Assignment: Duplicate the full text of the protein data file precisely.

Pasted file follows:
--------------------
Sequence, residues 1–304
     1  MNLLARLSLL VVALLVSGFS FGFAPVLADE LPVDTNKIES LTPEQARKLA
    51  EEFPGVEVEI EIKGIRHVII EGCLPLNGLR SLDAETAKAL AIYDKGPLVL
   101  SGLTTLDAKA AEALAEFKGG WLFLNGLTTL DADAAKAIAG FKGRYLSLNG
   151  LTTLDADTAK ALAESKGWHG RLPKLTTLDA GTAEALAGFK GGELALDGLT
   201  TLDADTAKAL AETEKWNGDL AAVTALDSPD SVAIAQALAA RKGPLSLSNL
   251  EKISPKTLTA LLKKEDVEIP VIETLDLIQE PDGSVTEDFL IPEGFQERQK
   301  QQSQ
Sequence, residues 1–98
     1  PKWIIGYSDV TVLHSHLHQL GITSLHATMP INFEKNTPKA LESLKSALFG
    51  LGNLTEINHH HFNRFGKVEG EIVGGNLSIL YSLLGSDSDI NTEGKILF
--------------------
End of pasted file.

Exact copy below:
Sequence, residues 1–304
     1  MNLLARLSLL VVALLVSGFS FGFAPVLADE LPVDTNKIES LTPEQARKLA
    51  EEFPGVEVEI EIKGIRHVII EGCLPLNGLR SLDAETAKAL AIYDKGPLVL
   101  SGLTTLDAKA AEALAEFKGG WLFLNGLTTL DADAAKAIAG FKGRYLSLNG
   151  LTTLDADTAK ALAESKGWHG RLPKLTTLDA GTAEALAGFK GGELALDGLT
   201  TLDADTAKAL AETEKWNGDL AAVTALDSPD SVAIAQALAA RKGPLSLSNL
   251  EKISPKTLTA LLKKEDVEIP VIETLDLIQE PDGSVTEDFL IPEGFQERQK
   301  QQSQ
Sequence, residues 1–98
     1  PKWIIGYSDV TVLHSHLHQL GITSLHATMP INFEKNTPKA LESLKSALFG
    51  LGNLTEINHH HFNRFGKVEG EIVGGNLSIL YSLLGSDSDI NTEGKILF